They do but jest...
Agatha Christie’s The Mousetrap has attained a level of fame by setting a record as the longest-running play in theatre history. The story is a fairly routine one, with an isolated circle of suspects and murder (of course). It’s an expansion of the 1948 short story Three Blind Mice and premiered in 1952, and it hasn’t run out of steam since.
But in Scott K. Ratner’s play Kill a Better Mousetrap, Miles Edward Merbinau argues that it’s one of Christie’s worst efforts—“all the superficial trappings of a great Christie work, with none of the ingenuity,” he says. Personally, I’ve never seen a production of The Mousetrap, but my impression from reading the script was that it was an agreeably silly little play with a few nice touches of ingenuity.
But perhaps I should explain more about Merbinau. This entire play could be described as a character comedy. It involves Merbinau talking with an analyst, a professional woman in her thirties. The reason the analyst is having this discussion is because Merbinau turned himself in for planning to attempt a murder. And as he explains, it is all to get rid of The Mousetrap, and after all, murder was just a last resort.
Like with The Mousetrap, I haven’t seen the play acted out, but with talented actors in the roles, it would make for an excellent evening at the theatre. The script is delightfully witty and genuinely funny. The exchanges between the analyst and Merbinau are simply golden, like this one:
Merbinau : … Isn’t that what people usually do in your office? Lie down on the couch?
The Analyst: Actually, there is no couch in my office.
Merbinau: No couch?
The Analyst: No.
Merbinau: Really? Wow! Budget cuts, huh?
This is a difficult play to review because of its excellence. The dialogue is wonderful, and discussion of Christie and mysteries in general is very passionate and obviously done with plenty of enthusiasm. Merbinau’s attempts to shut the play down keep backfiring in very funny ways. That’s part of the problem in writing this review— you don’t want to blabber too much and reveal the jokes.
There is only a minor quibble from my direction, and it’s something I really can’t blame the author for, as my nasty suspicious mind was at work. I anticipated the play’s conclusion, although it is still very well-done, as we find out just why The Mousetrap is so successful (and the theory is brilliant). Since I read the first version of the script, it’s been tightened somewhat, and I think that I wouldn’t have anticipated anything with the improved script.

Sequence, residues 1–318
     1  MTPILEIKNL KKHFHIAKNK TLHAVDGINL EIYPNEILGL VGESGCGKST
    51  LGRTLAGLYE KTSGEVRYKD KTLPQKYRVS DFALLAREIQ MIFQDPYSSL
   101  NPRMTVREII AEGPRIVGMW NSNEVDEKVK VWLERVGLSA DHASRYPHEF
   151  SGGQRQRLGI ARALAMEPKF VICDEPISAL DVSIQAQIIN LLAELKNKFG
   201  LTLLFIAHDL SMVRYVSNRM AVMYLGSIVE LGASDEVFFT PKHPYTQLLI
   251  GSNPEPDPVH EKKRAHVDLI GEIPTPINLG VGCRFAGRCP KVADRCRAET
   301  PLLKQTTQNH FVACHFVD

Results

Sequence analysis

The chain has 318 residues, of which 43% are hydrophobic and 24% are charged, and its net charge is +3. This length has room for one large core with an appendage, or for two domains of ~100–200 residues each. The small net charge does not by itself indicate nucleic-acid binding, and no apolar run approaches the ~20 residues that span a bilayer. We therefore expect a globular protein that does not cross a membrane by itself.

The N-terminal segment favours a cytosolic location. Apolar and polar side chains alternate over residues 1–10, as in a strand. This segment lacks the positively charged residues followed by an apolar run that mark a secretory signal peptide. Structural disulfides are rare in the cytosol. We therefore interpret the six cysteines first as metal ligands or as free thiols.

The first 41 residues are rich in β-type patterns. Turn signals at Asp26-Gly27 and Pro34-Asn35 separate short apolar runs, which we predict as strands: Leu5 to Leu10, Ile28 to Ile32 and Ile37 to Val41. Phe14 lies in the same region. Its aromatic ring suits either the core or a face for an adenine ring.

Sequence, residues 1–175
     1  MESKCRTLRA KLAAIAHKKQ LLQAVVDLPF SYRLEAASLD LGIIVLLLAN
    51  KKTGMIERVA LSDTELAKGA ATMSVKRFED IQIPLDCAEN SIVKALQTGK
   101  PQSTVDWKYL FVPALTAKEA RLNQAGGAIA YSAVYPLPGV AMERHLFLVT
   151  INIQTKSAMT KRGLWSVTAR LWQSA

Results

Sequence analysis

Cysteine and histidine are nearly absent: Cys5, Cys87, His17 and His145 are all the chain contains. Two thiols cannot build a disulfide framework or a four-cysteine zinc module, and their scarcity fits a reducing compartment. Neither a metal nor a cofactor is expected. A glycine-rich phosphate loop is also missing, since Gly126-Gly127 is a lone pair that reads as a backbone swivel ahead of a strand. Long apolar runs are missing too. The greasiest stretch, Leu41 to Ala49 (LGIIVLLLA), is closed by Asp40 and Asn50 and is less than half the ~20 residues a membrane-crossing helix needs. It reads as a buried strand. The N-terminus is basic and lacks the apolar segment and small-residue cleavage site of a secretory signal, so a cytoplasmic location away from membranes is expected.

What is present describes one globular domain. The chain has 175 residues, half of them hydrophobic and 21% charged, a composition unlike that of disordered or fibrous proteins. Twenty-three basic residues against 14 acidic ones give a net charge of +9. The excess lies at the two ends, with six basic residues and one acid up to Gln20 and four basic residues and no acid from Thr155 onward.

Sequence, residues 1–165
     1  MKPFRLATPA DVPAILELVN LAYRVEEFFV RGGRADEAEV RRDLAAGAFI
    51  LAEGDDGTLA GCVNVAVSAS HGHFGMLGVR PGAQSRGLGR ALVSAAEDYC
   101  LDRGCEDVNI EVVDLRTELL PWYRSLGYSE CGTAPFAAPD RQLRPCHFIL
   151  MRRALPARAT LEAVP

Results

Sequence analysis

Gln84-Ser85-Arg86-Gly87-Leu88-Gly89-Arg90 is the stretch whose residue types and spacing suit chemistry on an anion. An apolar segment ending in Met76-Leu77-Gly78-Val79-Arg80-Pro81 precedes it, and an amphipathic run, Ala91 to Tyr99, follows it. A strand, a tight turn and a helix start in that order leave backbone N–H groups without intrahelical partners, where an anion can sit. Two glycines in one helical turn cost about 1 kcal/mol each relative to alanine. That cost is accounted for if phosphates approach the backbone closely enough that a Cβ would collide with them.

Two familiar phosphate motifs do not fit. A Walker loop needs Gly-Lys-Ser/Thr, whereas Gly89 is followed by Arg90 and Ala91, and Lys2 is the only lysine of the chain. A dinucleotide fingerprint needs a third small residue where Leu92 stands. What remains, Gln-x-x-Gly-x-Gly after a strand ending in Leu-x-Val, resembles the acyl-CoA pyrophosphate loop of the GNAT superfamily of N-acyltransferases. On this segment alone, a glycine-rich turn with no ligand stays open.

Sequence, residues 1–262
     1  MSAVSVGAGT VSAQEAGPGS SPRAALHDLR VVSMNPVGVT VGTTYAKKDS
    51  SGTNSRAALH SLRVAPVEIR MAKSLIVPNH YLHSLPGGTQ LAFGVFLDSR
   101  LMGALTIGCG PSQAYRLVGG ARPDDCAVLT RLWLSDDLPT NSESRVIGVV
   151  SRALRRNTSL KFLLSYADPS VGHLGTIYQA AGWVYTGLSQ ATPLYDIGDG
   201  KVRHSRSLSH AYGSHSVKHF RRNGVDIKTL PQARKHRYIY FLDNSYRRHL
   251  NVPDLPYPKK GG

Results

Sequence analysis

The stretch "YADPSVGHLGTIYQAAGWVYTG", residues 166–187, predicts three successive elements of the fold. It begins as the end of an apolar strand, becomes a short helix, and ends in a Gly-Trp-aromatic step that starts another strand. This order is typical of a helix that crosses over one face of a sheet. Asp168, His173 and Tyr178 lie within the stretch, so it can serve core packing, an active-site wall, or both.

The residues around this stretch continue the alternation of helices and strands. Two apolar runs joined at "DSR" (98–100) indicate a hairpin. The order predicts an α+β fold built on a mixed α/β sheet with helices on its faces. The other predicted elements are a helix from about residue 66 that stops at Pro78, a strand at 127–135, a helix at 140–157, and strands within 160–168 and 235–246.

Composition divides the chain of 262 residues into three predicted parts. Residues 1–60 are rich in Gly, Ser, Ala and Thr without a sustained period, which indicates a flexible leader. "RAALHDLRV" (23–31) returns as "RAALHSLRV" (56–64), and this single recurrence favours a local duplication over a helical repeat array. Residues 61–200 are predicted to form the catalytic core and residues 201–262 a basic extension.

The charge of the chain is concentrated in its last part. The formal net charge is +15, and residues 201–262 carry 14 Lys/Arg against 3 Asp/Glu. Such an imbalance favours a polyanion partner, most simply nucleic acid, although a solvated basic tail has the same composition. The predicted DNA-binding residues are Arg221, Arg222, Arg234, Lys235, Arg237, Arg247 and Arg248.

There’s also a very good rant from Merbinau about the madness of Hollywood, which seems alarmingly like a case of foretelling the future:
Merbinau: Are you kidding? "The longest running play in theater history." That's all that matters. By the time Spielberg, Ron Howard, or whoever gets through with it, there won't be much left except the title and a few character names, anyway. They'll get Meryl Streep to play Mrs. Boyle, Johnny Depp to play Sergeant Trotter, Edward Norton and Diane Lane as the Ralstons, and maybe Will Ferrell as Christopher Wren. Add 3D, a CGI ski chase down the snow-capped mountainside, a lush title song by Taylor Swift, and voila! Next year's blockbuster hit...James Cameron's The Mousetrap!
This was written before Disney infamously announced that they would “reimagine” Miss Marple with Jennifer Garner in the role, as a sexy young 30s female detective… a transparent attempt to cash in on the popularity of Guy Ritchie’s Sherlock Holmes. Does that not sound like a production meeting? (Of course, nothing has been heard of the film yet, and hopefully things will remain that way, but I wouldn’t trust Hollywood.)
Overall, Kill a Better Mousetrap is a delightful look at the world of Agatha Christie and The Mousetrap. It is a genuinely fun read and would make for an excellent production with the right actors. Fans of mysteries and Agatha Christie will definitely appreciate this play, as it takes good-natured cracks at the celebrated play and comes up with an explanation to account for its popularity that is simply brilliant. It’s a solid script and I highly recommend it.